As the Canadian circus troupe The 7 Fingers (Les Sept Doights) close their London show ’Traces’ at Holborn’s Peacock Theatre this evening they’re sure to be celebrating what can only be described as a feat. The multi-talented heptad wove together a collage of scenes incorporating acrobatics, acting, musical talent, dance and art to demonstrate skill and strength with the greatest elegance.
We took our seats to a stage backdrop lit up by a live streaming of the audience filing into the auditorium courtesy of the reception security cameras. Real time projections continued once the show started, with Hou Kai's cityscape illustrations, created onstage, projected for all to see.
The acrobats had fun with their roles, at the same time as wowing the audience; talented gymnast Anne-Marie Godin balanced one-handed on her partners forehead, whilst other members of the team managed to jump through wooden hoops stacked five high. Given the ambition of the task, a couple of attempts sent some of the hoops flying, with the group proving that practise really does make perfect by succeeding in the end, to audience applause. The show also oozed personality, from the light-hearted introduction of each performer at the start to the chemistry seen between them throughout the show. The audience was also included in the action - with the group throwing a basketball into the crowd during a curated ball scene.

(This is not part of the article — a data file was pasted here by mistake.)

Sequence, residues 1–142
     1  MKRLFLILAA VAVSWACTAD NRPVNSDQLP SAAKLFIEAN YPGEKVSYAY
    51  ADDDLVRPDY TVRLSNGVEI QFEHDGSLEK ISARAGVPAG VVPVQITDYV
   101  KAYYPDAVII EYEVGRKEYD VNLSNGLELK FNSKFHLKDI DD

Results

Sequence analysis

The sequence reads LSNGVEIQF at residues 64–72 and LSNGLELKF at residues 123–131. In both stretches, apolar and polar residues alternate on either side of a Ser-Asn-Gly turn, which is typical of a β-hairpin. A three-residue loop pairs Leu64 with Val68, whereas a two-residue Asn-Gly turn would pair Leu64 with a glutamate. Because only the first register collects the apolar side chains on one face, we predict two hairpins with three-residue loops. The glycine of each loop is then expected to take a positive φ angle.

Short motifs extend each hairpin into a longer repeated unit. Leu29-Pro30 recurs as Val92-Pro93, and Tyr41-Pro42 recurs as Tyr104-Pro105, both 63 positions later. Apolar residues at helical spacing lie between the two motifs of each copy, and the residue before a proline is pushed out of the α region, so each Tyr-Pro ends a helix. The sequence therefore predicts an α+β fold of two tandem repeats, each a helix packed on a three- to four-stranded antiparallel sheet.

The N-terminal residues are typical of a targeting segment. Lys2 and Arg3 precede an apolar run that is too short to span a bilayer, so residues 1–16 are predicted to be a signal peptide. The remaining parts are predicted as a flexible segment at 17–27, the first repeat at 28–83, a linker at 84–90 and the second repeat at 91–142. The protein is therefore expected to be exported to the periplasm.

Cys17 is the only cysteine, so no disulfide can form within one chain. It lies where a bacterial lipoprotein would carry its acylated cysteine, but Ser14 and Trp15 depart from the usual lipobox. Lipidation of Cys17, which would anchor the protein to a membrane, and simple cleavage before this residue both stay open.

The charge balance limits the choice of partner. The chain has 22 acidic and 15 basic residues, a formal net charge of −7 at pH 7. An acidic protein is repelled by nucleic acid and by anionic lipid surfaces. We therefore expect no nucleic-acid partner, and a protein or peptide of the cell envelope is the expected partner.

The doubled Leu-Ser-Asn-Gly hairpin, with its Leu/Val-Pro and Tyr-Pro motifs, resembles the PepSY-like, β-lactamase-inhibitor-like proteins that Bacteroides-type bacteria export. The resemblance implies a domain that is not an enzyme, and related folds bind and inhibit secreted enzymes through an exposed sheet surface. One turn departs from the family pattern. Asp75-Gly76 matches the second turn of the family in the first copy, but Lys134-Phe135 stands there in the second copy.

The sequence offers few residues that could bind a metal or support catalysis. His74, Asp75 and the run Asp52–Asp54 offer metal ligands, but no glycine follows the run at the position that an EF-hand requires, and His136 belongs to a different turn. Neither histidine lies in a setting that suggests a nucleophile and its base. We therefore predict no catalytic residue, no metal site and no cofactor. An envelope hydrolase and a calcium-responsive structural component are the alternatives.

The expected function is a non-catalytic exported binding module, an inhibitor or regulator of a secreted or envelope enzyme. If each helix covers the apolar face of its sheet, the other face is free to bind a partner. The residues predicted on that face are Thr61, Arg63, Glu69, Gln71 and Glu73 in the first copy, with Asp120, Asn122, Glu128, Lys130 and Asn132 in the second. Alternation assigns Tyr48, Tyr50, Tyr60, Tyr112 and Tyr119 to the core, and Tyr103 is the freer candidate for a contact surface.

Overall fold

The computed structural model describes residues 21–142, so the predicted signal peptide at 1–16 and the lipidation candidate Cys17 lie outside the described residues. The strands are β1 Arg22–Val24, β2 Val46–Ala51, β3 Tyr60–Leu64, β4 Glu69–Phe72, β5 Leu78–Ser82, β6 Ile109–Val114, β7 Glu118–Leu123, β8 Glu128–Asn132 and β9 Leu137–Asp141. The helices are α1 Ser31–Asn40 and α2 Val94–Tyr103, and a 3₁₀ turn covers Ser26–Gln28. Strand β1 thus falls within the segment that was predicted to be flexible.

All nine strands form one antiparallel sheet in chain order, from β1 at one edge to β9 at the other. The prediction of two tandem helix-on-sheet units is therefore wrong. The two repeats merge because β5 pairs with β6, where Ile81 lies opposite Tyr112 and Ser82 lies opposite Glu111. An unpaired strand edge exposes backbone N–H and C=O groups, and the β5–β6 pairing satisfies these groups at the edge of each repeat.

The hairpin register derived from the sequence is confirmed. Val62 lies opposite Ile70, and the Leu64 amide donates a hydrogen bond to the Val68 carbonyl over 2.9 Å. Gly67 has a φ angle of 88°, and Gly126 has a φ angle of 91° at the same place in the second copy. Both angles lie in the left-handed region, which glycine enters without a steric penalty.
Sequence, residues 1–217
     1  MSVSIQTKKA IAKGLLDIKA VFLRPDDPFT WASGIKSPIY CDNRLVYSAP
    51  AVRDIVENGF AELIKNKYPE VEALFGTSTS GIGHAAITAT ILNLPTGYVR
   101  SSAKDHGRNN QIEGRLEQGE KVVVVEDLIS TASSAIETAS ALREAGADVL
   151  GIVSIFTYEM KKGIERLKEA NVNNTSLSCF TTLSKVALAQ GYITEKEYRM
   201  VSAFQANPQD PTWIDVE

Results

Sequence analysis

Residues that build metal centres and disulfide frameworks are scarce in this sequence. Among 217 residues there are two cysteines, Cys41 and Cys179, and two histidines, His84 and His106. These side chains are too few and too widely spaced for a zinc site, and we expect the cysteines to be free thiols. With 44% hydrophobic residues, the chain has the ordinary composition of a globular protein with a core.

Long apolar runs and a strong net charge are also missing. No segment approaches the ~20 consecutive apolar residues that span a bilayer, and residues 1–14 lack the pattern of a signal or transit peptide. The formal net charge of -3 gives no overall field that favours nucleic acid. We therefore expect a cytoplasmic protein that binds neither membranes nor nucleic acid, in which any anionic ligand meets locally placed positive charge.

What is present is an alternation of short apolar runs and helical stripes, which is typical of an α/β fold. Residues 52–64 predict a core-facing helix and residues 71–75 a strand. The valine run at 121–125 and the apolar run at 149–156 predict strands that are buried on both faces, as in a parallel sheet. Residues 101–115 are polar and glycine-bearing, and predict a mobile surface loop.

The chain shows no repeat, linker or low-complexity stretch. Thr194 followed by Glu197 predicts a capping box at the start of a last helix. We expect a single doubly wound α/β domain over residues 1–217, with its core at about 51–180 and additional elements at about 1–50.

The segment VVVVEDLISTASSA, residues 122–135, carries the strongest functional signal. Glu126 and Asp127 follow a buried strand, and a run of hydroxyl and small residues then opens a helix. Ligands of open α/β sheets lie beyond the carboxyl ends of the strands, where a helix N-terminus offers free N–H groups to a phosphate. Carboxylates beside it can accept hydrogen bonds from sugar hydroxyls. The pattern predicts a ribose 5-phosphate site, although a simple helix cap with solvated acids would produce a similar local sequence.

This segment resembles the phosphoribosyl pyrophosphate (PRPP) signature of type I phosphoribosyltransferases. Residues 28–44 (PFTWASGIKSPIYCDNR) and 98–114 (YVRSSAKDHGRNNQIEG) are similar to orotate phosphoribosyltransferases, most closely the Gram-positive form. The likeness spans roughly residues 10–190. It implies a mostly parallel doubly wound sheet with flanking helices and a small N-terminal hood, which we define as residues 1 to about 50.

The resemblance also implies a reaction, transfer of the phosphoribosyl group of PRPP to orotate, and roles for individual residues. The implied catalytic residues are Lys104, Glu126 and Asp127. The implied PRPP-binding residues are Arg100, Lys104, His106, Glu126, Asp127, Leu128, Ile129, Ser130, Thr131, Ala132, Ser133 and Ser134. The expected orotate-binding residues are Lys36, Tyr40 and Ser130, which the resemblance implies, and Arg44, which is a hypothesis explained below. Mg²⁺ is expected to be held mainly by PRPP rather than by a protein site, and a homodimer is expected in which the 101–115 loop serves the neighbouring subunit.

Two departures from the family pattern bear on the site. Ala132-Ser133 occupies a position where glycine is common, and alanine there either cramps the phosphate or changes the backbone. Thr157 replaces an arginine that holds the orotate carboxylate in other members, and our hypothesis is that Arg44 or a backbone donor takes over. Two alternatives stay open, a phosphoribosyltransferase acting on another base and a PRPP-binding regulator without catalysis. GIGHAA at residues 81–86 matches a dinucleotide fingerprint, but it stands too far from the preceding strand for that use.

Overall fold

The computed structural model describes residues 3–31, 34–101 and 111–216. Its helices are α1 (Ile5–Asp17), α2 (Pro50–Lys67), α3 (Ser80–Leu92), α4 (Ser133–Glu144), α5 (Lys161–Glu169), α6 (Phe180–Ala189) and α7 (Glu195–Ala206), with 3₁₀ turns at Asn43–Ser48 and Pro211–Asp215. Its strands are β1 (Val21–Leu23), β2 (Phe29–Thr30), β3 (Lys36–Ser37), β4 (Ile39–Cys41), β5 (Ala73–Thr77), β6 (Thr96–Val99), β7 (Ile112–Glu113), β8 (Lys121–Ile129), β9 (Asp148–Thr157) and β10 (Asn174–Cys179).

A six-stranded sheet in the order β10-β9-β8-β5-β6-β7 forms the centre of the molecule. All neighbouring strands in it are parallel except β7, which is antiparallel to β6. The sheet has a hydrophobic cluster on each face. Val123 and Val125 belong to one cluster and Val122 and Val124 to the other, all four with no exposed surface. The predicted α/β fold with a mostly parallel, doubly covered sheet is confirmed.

The storyline remained ambiguous, with sirens at times suggesting something sinister was on the brink of happening, not that it ever really did. The only allusion to the passing of time came in the form of 'tick tock’ audio. Having had the pleasure of seeing Cirque du Soleil in Paris I was accustomed to appreciating the quality of the action and talent regardless of the story. And appreciate I did; whilst Trace was much less polished than the likes of Cirque de Soleil, its gritty urban feel was really authentic. There was a raw, almost ‘behind the scenes’ vibe, and we’d have been forgiven for thinking that the group were rehearsing, as each member was always on stage - those not in the spotlight sat around waiting for their turn. That said, the technicalities were spot on, with clever use of light, shadow and colour creating great theatrical effect, and strobe lighting adding to the high-energy of the show. The movements of the beautiful muscular forms in front of us were also perfectly in time with the range of musical styles.
The tracing in chalk of outlines of the fallen performers was the only allusion I could grasp to the shows name. One of the team also alluded to his finger which was cut off by his sister - his remaining 7 fingers perhaps alluding to the troupe’s name. Traces finished how it started, with the final scene showing the view from the reception cameras yet again, this time showing The 7 Fingers cast, before the projection crackled out to white noise…closely followed by more applause and a standing ovation.